“First, be sure, I thank my God through Jesus Christ for you all because your faith is the gossip throughout the whole world.” -Romans
The news about what God was doing in the church at Rome had spread far and wide in the ancient world. The believers who gathered to worship in that city were quite literally the gossip of that day. The word καταγγέλλεται, katangelletai, which is usually translated as “spoken of” or “proclaimed,” is a present-passive verb. There was no specific proclamation sent out which Paul had heard, but the fame of that church was entirely by word-of-mouth.
This is remarkable considering that the primary mode of transportation was on foot and the apostle had not yet been to Rome. It is unknown how this church began, but presumably, this body was the result Paul’s own persecution which scattered the Jerusalem church. We read in Acts 8:4,
Therefore they that were scattered abroad went every where preaching the word.
Now, the word for “preaching” in this verse is not the usual word for “preach,” which we see in 2 Timothy 4:1, κηρύσσω, kerusso. The word kerusso means to herald a message in a formal manner in its entirety, not adding or subtracting a particle, nor altering it to appease the audience. This is the duty of ministers in the “equipping of the saints, for the work of the ministry” (Ephesians 4:12). However, here in Acts 8 of the Jerusalem church, the word used is εὐαγγελίζω, evangelizo, from which we get the word “evangelize.”
Christians have largely forgotten the power of the Word of God and most churches today are known by all the programs and events they offer – church basketball, coffee bars, special concerts, game nights, or movie nights. Of course there’s nothing inherently wrong with such things, but such was not what made the church at Rome “the gossip throughout the whole world.” It was their faith that was being talked about. Today, churches are doing a lot more watching of the world and gossiping about it than taken notice of by the world.
If the church tries to compete with the world on the stage, the basketball court, or at the coffeehouse, it will lose every time. Such is the world’s domain and the world can entertain so much better than the church. If churches are going to make a difference in their communities, it must be through excercising their faith. How many Christians today remain silent when they hear someone take the name of the Lord in vain, saying “Jesus Christ” irreverently or “G-d—d” We should feel pain when we hear the God that we worship irreverently spoken of, and say something to the extent of, “Please don’t say that. The God you blaspheme is the One I worship.”
We have come to a place today in which Christians are so afraid of appearing legalistic and unloving that they no longer take their faith seriously. Faith has become part of the private life rather than publicly lived out. In many ways, though lost as they are, Muslims deserve a great deal of credit for taking their faith as seriously as they do. Even the non-radical Muslims in terms of their faith are much more radical than many Christians, praying daily 5 times, abstaining from foods such as pork and alcoholic beverages, showing reverence in how the name of their prophet is used, and making a pilgrimage to Mecca at least once. Their faith is not merely an abstract idea which they muse over once a week, or during their daily devotional time, but is interconnected with all parts of their life.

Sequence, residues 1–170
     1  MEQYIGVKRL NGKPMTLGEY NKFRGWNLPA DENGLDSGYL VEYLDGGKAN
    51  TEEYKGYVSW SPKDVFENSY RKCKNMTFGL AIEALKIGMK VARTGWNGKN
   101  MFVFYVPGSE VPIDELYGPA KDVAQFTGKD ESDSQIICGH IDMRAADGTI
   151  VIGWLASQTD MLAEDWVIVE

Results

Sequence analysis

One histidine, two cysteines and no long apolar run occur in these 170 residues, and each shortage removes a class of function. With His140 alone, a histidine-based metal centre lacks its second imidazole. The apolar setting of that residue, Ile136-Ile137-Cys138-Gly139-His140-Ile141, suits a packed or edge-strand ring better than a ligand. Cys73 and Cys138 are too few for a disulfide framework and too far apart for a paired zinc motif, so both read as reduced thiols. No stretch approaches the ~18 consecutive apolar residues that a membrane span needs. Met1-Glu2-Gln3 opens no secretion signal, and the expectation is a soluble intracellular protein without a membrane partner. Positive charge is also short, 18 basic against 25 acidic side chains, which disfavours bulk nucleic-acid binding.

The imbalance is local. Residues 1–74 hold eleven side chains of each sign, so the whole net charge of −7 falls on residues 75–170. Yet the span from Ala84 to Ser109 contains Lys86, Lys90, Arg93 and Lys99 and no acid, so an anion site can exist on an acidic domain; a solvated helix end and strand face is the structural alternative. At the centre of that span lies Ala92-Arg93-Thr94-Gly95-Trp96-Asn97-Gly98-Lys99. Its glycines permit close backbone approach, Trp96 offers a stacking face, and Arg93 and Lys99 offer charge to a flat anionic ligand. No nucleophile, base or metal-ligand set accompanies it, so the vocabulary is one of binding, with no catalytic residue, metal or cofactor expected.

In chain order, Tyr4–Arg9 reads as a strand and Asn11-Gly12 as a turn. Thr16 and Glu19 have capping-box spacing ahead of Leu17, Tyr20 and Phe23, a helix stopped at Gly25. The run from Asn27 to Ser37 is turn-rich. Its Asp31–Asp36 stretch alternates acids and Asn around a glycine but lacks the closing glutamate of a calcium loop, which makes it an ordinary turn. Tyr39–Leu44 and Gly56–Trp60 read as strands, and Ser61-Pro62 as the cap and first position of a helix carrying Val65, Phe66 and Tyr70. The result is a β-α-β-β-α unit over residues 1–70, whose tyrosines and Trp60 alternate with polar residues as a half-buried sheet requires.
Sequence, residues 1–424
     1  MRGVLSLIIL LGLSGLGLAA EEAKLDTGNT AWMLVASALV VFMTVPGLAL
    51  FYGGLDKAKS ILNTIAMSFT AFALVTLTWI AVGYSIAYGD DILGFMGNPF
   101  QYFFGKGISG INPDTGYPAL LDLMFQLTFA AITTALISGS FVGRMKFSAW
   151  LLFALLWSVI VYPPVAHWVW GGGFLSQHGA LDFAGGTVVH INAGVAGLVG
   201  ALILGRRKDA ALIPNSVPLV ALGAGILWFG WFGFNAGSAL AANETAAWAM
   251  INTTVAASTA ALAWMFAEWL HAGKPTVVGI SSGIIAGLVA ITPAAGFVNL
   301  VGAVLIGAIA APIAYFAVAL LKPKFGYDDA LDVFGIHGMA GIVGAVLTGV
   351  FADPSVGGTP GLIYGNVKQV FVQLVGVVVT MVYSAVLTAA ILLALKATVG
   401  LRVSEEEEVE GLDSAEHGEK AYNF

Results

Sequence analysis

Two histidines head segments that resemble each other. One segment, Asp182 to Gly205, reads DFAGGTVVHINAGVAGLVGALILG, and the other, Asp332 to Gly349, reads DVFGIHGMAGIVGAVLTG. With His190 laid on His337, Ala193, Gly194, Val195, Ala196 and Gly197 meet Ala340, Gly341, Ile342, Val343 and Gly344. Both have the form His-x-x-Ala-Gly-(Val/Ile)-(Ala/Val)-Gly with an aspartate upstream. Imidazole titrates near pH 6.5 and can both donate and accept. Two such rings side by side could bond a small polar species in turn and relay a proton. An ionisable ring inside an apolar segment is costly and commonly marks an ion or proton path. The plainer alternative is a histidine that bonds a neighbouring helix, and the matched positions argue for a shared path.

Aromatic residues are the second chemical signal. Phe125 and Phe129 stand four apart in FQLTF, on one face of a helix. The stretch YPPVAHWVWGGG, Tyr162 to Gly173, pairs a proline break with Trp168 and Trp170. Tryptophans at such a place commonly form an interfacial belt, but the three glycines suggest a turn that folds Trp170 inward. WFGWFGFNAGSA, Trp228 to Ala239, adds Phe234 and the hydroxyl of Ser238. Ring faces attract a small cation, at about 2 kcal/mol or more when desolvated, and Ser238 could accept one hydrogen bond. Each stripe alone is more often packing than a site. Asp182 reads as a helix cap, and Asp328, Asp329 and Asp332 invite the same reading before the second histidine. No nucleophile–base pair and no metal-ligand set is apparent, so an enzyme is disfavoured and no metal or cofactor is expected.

It is a great shame for lost, deluded souls to be more practical in their faith than the people of the True God. The prophet Amos said (6:1, 3a, 8),
Woe to them that are at ease in Zion, and trust in the mountain of Samaria, which are named chief of the nations, to whom the house of Israel came!
… Ye that put far away the evil day…
The Lord GOD hath sworn by Himself, saith the LORD the God of hosts, I abhor the excellency of Jacob, and hate his palaces: therefore will I deliver up the city with all that is therein.
Often when we think of the judgment of God today, we think about God judging America. Yet, we never consider that America may be God’s hand of judgment on His people. The difference between Israel and America is that Israel was not only a nation, but a theocracy. In bringing other nations against Israel, God was judging His People. The problems facing churches in America today pertaining to abortion, homosexuality, censorship through “hate” speech regulations, and the filth of Hollywood being piped into peoples homes, may be the Lord’s Judgment on us, His own people, for relaxing in our faith.
Far too long have we been “at ease in Zion” instead of living out what we believe. If Christians begin living out their faith, saying no to secular movies or shows that use foul language or risqué scenes, and begin to show reverence for the Lord’s name again, the rest of the nation will quickly take notice. Islam largely forces the world’s respect of their faith through fear; as Christians, we must gain the world’s respect through practical, righteous living. If the saints would do this, then just as in the first century, churches would become “the gossip throughout the world.” The Church is in its present situation in America because individual Christians are no longer being salt and light, showing concern for the culture in everyday life.